The Citadel of Aleppo right in the centre wasn’t something I knew about but we came across it and, being one of the oldest and largest castles in the world, of course we had to visit it – but mainly for the views!  Going in, we looked at the prices on the wall and realised that we were paying ten times the prices that Syrians do, simply because we’re foreign – in any other place I’d refuse to go in but it was the sake of about one English pound (and fifty Syrian ones!), nothing worth fretting over and something funny to consider.  The parts that remained of the castle were impressive under another one of those bluest of blue Eastern skies and makes you appreciate it when you look back at the pictures you took after struggling under wet, dark and cloudy European weather to get something closely resembling how good something looks to you.

Going to the citadel walls and looking down to where a moat used to be, then out to the horizon makes you appreciate how good of a fortification this was, the scale is beyond that of anything else I’ve seen.  Everything would’ve been catered for as they had underground passages and cellars for food and prisoners, a theatre on the top, halls and stores and scouting points for anyone daring to try their luck over the moat.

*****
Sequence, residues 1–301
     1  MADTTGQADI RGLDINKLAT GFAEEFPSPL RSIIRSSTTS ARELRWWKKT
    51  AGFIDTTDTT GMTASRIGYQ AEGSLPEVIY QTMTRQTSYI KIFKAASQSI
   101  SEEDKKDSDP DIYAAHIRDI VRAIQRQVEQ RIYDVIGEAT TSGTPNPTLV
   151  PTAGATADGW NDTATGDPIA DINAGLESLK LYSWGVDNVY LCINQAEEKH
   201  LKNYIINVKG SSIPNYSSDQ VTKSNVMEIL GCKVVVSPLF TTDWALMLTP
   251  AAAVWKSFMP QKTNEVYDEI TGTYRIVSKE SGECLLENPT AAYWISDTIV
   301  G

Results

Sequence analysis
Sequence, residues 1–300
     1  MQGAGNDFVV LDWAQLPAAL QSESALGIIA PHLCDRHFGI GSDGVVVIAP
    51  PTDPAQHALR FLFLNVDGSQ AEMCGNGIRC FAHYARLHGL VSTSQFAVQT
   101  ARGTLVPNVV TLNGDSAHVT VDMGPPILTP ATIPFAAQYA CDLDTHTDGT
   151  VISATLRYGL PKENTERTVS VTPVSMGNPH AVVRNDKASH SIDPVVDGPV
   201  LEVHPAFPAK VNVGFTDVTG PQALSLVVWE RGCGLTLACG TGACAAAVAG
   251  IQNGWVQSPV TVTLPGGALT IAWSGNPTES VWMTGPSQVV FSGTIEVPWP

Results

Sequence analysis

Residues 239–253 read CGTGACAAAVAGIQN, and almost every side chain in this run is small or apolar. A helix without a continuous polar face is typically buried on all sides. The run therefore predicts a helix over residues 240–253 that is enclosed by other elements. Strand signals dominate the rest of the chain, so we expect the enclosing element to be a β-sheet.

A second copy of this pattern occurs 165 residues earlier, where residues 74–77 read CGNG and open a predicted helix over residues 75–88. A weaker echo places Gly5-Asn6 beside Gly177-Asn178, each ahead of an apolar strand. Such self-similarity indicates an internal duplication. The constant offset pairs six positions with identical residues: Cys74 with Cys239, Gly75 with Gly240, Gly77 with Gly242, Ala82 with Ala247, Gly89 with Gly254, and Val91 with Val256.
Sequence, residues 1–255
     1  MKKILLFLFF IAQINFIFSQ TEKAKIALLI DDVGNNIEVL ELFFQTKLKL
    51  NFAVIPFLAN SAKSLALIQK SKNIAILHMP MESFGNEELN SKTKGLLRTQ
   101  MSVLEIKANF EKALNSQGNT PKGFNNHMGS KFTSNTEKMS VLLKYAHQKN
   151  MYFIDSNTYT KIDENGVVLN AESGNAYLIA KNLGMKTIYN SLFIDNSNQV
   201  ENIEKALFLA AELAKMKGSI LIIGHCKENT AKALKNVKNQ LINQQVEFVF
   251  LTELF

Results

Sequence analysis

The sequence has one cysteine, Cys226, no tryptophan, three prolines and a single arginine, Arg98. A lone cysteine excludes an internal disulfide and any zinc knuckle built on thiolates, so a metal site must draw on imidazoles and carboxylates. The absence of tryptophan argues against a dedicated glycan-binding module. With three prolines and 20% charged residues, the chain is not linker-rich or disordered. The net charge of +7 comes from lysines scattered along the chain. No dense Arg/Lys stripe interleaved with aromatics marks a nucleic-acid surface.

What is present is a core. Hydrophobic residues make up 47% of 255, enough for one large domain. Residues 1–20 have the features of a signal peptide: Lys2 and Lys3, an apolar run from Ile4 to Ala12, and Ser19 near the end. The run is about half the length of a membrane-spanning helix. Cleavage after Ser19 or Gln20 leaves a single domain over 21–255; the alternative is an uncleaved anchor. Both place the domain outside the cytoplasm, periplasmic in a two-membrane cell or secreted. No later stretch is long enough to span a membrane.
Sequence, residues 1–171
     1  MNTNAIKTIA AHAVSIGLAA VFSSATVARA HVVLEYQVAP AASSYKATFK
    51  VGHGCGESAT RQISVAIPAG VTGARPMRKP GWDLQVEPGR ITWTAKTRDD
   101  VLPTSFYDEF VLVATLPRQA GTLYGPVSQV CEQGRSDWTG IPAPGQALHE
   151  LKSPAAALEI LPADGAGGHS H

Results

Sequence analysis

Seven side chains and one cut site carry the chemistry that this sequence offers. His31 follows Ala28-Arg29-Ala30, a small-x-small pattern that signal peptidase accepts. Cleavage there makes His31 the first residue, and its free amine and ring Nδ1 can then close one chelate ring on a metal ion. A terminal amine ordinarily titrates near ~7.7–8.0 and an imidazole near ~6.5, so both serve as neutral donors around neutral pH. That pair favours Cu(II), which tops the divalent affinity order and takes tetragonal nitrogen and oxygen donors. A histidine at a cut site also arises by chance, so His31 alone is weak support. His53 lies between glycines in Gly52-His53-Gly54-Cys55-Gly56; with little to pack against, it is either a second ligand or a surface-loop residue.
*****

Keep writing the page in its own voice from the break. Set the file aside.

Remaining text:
Wandering off separately, I heard something I’d become accustomed to not hearing much of – live music.  Two guys and two girls from Japan were playing their guitars and singing in one of the alcoves as a small crowd of Syrians gathered round to listen to them with eager ears and curious expressions.

Through the souqs (markets) of cloth and housewives we meet Ibrahim, eager to talk, show us part of his life here and be a great ambassador of his city.  He became our friend for a few days as he showed us round his local mosque, took us to some ruins a way out of Aleppo, got us to meet some of his friends and was such a great person to talk to and have around.

We met up the following day and negotiated a taxi to and from the ruins Elektra had mentioned.  These ruins were where Symeon the Stylite had perched himself atop a pillar for almost forty years in order to have more time to himself, away from those people who would bother him for spiritual advice – it’s said that the pillar was increased in size so he would struggle to hear those calling up to him.  Despite steady tourism to the site, it’s surprising that so much is left standing and open to the public some 1500 years later, so much so that you can stand on what remains of the pillar.

My whirlwind through two Syrian cities came to an end as I pondered extending my stay but had to make better time on getting through Turkey, a group taxi across the Syria/Turkey border to Gaziantep was handily negotiated by Ibrahim, my thanks never seeming enough for the help and hospitality he’d given us.

The boy and his proud responsibility

Those helpful blue skies!

On and on and on and..

It's hard to look away from the view, despite coming to see the Citadel

A rare shot of me

Elektra dons the camera and snaps this curious fella

Elektra

Inside the souq

No matter how hard I try, I can't describe just how ridiculous Elektra's garb was for this visit to Ibrahim's local mosque.


Ibrahim and Elektra on the pillar


Cows milling about in the middle of nowhere - we'd stopped off to look at carvings in the rocks

A truck of waving guys goes past, cows shuffle into the sunset and we start to head back

Ibrahim and our very smiley driver on the way back to the city

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Posted in: Syria